A year ago we had news of the Stratolaunch launch system. After numerous delays and changes in strategy, the company announced that it was moving ahead with its intention to build the largest aircraft in the world and use it as a satellite launch pad. Recently, at last, we were able to see the first images of the gigantic Roc plane almost complete. The company has decided to take the giant to walk for the first tests of refueling and, incidentally, so that the press does not forget the project.

The Roc plane of Stratolaunch Systems – its technical name is Scaled Composites Model 351- was built from the fuselage of two former Boeing 747s of United Airlines. It has a mass of almost 325 tons (including one hundred tons of fuel), a length of 73 meters and a wingspan of about 117 meters, making it the largest airplane in the world in terms of wingspan, although the Boeing 747, Airbus A380 or the Antonov An-225 are longer. Roc is capable of carrying up to 250 tonnes of external payload thanks to six Pratt & Whitney PW4056 engines. As we see in the images, Roc still has a lot to be complete, but at least it is already in one piece.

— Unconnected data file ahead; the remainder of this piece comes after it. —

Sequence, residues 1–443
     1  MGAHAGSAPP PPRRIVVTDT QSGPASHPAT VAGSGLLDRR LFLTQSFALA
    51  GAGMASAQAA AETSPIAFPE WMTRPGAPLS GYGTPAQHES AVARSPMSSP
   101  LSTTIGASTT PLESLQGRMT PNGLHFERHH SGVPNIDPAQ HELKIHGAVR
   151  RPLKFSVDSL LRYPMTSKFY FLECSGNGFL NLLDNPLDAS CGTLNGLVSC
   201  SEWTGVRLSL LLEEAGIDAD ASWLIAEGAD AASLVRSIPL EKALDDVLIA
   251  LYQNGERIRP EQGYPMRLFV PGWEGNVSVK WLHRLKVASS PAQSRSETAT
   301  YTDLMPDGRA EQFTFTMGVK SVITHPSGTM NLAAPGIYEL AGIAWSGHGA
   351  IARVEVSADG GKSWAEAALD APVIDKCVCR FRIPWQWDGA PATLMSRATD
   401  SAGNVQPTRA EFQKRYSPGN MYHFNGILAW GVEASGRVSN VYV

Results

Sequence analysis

The Stratolaunch project was born in 2011 by millionaire Paul Allen with the aim of launching a version of Falcon 5 of SpaceX capable of placing 6.1 tons in low orbit, something never seen in an aerial launch system. SpaceX quickly withdrew from the project and was replaced by Orbital Sciences, which wanted to use Roc as a platform for the Pegasus 2 rocket, later named Thunderbolt. Orbital also retired in 2014 and for a time the future of the company was in a limbo, although it was played with the idea of ​​using the Stratolaunch aircraft to launch a small version – a 75% – of the winged Dream Chaser.

Finally, in June of last year Stratolaunch joined forces again with Orbital, now Orbital ATK, to launch small rockets Pegasus XL. The decision was a real surprise considering that using such a plane to launch such a small rocket is at least a bit disproportionate. Of course, not to lose the load capacity will be launched three Pegasus rockets in a single mission (each with a mass of 25 tons). Is this enough to justify the profitability of Stratolaunch? No one knows, but no one misses that the business model is somewhat peculiar, especially before the competition of Virgin Galactic. This company plans to use a Boeing 747 to launch its Launcher One rocket. Launcher One will be able to put 400 kg in orbit in LEO, a figure comparable to a single Pegasus, but in return it is assumed that the maintenance costs and the associated infrastructures will be much smaller than in the case of Stratolaunch.

Stratolaunch will use the runway of California's Mojave Air and Space Port or the former Kennedy Space Center shuttle runway as a base of operations. He later hopes to be able to use other tracks around the world if the demand for releases is high enough. Will Stratolaunch gain a foothold in the competitive international launch market?



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